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This project incorporates exciting heritage interpretation into
a bustling modern context. The Master’s House is a historic
building of national importance, but it has been restored and redeveloped as a modern library and community services hub.
We have explored the building’s stories in a way that
complements its contemporary use.
Our aim was to provide interpretation that would be enjoyed by two quite different groups of visitors. Firstly, visitors who had come to explore the building’s heritage and stories. Secondly, users of the library and community services.
Our interpretive rationale for the project was as follows:
The Master’s House and surrounding hospital buildings are the heart of the story. However, it is the echoes of the people that inhabited these places that enable our visitors to make their own connections to the history of Master’s House.
The Master’s House is a unique and nationally important historic building. It has been extensively developed in several phases over the centuries, and the story of this architectural development is at times quite complex.
We decided that the best way to engage with visitors and draw them into the building’s stories was to use a cast of historic characters who were all linked to the Master’s House in the past.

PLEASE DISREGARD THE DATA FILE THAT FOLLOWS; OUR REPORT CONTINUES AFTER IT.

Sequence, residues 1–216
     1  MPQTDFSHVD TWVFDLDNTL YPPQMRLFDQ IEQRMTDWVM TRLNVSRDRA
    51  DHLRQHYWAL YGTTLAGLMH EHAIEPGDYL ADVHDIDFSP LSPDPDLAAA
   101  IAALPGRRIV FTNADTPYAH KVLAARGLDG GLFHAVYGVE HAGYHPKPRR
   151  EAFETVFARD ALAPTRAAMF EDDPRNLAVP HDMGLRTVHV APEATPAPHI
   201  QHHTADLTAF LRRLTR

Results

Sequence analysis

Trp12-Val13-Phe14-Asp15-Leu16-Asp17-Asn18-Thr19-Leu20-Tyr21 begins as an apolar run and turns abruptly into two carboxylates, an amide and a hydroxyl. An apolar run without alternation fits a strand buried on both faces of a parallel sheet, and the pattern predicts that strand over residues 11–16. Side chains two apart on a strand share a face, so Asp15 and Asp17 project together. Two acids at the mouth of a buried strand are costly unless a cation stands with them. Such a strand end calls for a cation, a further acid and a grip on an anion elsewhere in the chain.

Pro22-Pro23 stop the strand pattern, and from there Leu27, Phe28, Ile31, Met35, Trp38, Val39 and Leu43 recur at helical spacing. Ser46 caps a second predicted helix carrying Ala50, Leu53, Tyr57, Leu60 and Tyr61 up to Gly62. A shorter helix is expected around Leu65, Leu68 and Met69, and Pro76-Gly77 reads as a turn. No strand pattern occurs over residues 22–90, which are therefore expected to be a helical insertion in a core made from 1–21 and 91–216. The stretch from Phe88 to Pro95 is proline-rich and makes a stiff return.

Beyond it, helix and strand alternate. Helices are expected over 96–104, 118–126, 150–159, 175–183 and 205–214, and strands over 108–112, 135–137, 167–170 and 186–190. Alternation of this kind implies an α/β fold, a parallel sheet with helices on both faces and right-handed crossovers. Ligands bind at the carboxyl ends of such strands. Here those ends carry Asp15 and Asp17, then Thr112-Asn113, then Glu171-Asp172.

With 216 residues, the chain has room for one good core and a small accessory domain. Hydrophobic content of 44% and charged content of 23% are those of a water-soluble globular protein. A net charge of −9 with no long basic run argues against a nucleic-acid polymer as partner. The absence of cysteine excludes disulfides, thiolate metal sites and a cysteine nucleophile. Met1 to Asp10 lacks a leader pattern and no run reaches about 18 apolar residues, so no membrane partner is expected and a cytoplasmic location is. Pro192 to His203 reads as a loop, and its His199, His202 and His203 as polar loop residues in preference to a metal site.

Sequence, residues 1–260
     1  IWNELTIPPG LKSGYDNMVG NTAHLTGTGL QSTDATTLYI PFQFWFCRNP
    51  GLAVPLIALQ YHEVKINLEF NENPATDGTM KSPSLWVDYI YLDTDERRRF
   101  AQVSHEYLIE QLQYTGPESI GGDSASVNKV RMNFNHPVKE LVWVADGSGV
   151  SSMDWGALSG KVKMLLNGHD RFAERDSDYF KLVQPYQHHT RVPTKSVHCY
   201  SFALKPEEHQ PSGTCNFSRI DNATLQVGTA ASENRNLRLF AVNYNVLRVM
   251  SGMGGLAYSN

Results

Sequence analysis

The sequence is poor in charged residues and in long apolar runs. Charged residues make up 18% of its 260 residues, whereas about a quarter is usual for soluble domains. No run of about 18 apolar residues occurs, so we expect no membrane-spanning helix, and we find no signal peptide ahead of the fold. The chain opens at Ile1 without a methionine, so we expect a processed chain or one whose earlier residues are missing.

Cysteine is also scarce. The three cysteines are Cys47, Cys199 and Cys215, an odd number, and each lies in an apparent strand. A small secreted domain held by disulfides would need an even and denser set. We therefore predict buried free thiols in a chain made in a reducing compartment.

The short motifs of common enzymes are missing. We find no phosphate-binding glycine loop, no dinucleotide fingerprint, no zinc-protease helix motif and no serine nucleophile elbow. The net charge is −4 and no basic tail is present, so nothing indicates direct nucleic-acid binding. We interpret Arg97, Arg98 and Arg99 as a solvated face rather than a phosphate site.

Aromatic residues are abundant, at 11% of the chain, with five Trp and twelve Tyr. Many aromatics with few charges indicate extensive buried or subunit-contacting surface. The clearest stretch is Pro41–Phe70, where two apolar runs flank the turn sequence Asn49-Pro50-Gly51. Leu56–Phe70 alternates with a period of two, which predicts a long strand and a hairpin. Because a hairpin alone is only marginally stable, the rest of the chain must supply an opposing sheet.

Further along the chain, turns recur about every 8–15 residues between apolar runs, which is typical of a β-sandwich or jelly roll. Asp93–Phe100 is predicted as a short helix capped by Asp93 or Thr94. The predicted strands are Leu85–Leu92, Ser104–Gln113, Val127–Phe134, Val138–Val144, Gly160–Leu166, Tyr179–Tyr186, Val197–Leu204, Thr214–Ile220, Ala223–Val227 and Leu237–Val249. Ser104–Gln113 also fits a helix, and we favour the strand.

This approach was designed to give the building’s many stories a human face, making them more meaningful and accessible.
At the entrance visitors are welcomed by six characters who will be their guides, etched into paving slabs. A large sandblasted illustration of St Katherine’s Hospital in its heyday conjures up its extent and bustling activity.
Once inside the building, visitors stumble on interpretation in unexpected places throughout.
This enhances their experience by creating an exciting sense of spontaneous discovery.
In the Great Hall a printed curtain shows the Master banqueting with his guests. Ghostly figures etched into glass partitions create the sense of Tudor characters coming and going. At the welcome desk, visitors can pick up a free tablet tour and / or a children’s activity trail to empower them to explore the building.
Text is economical, intended to spark curiosity. The tone is light and accessible throughout, but deeper layers of interpretation are only a tap away on the tablet tour. Woodcut-style illustrations evoke the building’s Tudor heyday.
In the panelled room a small peephole and trompe l’oeil illustration enables visitors to glimpse the Great Hall in all its Tudor splendour. A portrait of the hospital’s founder unexpectedly comes to life on a screen and speaks to them.
A flock of open books seems to float on the wall, as if in flight. Beautifully illustrated, they take visitors on a journey through 800 years of St Katherine’s Hospital.
Tablets tucked onto bookshelves catch visitors’ eyes as they pass. When visitors touch the screens the Tudor characters come to life and speak to them, sharing their experiences of life at the Master’s House.
A model produced using 3D printing allows visitors to put the Master’s House together with their own hands, helping them to understand its phased development. If they get stuck, CGI modelling is available to help on the tablet tour.